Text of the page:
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Conversations with Joe Begalla

Today we’d like to introduce you to Joe Begalla. 

Hi Joe, it’s an honor to have you on the platform. Thanks for taking the time to share your story with us – to start maybe you can share some of your backstories with our readers?
I’m a music producer, mix engineer, songwriter, and a musical hypebeast. 

I grew up in a small town in Central Florida called DeLand and it was this weirdly vibrant artistic community. There were incredible local guitar luthiers, wacky synthesizer nerds, and even the lead singer of the B-52’s, Fred Schneider. It was this oasis in the middle of a cultural desert, but more importantly, it was a true community. I always felt loved and respected by everyone, no matter what age, gender, race, or creed. When I was 10, I had gotten a guitar for Christmas and the second I saw it, I had absolutely no doubt that making music was the thing I was meant to do with my life. I have spent every day after that trying to perfect my craft. The people in my town were gracious enough to give me a stage. I was playing guitar in Jazz bands, Folk bands, Church services, doing session work for local Rappers and R&B artists, making music for kickstarters and political campaigns, playing solo shows, hosting massive jam sessions that are nights of legend in Central Florida, and so much more! My experiences there truly shaped how I wanted the rest of my life to be. 

When I was 18, I was lucky enough to be accepted to Berklee College of Music in Boston. I had this pipe dream of being a dope jazz guitarist, but I was quickly played out of the room by so many other incredible musicians. I knew going into my second year of school that I had to adapt, so I took a semester abroad in Valencia Spain, which completely changed everything for me. I took a Recording and Mixing class and I soon fell in love with being in the studio and collaborating with others. When I came back to Boston, I took a class taught by Erin Barra, who I credit with being the person who has most positively influenced my professional life. She always pushed me, tore my songs and mixes to shreds (politely), told me the truth when it hurt to hear it sometimes, but I really grew from working with her and I learned to write and produce music with real intention. I started to put myself out there way more. I was playing guitar and keys in three bands, producing music for up-and-coming artists, playing solo electronic shows, and teaching High School kids how to use Ableton Live. It was incredible! And then the Pandemic hit.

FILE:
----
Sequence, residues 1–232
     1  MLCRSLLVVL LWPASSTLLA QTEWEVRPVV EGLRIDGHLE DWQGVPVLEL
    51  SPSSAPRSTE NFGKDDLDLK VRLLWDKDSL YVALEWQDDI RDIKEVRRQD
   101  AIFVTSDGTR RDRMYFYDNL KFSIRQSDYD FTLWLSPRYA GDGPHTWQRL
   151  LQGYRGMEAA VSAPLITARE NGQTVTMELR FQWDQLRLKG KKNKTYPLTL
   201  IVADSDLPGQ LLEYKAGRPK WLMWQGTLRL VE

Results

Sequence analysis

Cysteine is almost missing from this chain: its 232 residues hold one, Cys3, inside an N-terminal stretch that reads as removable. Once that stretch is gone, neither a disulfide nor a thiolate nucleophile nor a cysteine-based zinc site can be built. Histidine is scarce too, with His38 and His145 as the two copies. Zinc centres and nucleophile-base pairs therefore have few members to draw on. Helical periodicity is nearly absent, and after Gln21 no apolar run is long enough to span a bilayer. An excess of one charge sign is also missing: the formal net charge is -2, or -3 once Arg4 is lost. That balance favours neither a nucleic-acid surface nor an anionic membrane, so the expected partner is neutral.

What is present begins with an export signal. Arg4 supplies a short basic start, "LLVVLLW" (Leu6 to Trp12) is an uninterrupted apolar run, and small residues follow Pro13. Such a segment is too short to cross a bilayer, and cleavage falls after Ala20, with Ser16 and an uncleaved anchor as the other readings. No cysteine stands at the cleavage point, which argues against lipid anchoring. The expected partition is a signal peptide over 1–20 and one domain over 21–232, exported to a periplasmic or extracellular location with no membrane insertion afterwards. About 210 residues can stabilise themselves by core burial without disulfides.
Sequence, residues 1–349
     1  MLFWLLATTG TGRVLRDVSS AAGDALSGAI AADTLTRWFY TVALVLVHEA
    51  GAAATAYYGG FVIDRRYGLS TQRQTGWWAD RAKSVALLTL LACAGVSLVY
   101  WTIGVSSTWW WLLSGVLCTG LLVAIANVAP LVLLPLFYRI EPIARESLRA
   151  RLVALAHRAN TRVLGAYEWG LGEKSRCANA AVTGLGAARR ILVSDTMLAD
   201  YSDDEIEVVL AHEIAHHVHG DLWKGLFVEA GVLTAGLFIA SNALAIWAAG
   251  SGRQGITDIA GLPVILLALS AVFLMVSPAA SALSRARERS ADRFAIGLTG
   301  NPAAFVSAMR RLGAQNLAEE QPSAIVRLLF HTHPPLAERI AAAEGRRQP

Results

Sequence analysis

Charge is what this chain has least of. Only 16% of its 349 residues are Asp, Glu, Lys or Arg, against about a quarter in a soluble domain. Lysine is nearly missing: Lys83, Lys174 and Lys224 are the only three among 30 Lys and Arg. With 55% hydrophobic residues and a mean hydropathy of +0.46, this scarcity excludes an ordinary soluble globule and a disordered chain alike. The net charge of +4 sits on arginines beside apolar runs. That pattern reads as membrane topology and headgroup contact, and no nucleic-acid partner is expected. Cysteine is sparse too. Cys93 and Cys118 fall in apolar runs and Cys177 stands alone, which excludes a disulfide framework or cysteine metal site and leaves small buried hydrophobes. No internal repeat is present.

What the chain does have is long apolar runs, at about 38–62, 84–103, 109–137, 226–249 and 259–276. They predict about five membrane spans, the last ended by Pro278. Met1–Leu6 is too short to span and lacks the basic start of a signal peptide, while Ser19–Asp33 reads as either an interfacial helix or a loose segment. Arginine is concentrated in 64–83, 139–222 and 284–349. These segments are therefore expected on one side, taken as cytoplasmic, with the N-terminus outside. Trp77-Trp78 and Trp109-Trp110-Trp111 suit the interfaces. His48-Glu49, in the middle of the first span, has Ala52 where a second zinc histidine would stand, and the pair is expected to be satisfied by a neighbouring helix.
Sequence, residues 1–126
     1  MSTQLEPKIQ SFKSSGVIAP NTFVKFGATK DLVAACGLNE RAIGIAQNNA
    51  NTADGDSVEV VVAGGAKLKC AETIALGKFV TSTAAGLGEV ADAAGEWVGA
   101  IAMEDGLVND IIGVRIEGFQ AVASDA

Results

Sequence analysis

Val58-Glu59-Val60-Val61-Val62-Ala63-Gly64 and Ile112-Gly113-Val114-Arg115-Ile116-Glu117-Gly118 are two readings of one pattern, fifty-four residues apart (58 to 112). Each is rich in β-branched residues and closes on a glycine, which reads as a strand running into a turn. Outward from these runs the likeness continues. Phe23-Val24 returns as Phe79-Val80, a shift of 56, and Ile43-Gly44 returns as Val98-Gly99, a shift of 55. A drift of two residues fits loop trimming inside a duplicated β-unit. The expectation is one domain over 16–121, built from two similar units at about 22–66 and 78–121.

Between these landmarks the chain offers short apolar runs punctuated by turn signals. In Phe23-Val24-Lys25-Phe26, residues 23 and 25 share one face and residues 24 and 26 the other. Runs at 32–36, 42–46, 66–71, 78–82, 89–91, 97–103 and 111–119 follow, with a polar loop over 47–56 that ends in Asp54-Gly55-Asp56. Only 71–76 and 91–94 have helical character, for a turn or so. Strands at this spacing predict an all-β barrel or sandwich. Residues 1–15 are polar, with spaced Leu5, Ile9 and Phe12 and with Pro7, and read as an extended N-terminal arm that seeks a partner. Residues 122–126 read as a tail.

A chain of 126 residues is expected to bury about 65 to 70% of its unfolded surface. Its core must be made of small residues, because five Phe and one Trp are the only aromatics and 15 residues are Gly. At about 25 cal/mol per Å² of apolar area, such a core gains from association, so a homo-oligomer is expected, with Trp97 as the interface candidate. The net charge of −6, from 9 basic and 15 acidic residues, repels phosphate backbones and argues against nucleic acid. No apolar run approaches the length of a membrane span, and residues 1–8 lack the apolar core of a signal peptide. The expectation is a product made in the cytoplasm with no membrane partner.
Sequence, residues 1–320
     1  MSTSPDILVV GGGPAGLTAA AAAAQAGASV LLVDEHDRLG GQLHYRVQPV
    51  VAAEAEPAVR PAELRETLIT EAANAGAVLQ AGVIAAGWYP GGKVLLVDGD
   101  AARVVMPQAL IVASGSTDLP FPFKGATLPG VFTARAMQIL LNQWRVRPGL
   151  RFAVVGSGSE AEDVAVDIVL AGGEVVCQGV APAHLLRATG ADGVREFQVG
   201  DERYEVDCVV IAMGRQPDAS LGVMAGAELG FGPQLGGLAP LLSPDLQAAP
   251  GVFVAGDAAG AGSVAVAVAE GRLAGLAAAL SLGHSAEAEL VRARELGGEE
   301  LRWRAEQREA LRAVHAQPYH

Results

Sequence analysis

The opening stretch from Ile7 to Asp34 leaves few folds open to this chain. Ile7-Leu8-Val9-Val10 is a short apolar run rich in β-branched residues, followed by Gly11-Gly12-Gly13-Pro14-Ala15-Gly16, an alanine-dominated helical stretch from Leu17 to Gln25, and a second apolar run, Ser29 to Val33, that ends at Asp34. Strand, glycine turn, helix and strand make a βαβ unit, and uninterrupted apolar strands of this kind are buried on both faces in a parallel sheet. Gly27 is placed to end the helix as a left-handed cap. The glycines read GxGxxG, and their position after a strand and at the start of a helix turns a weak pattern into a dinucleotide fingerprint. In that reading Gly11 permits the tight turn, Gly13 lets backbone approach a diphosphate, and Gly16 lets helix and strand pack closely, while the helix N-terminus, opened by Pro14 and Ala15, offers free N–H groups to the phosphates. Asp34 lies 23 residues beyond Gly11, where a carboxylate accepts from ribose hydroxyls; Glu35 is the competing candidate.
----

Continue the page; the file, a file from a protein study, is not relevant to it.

I had just graduated school and just as the world opened up to me, everything closed. I moved back home, the bands I was in all broke up, and my artist friends all lost their ability to compensate me for my work on their music. 

I was in a very regressive place until my girlfriend and I got jobs in Los Angeles and moved out here. I would not recommend moving during a pandemic, but it was amazing to feel like we were moving forward in our lives again. 

Work is amazing for me right now. I’m involved with this amazing company called Mixland where we make really good, not too expensive tools for professional musicians at every stage of their careers! We just launched our debut Plugin in November and we have another coming out at the end of January. It’s really amazing to hear that not only my friends and peers are enjoying the products, but people I look up to in the music industry as well.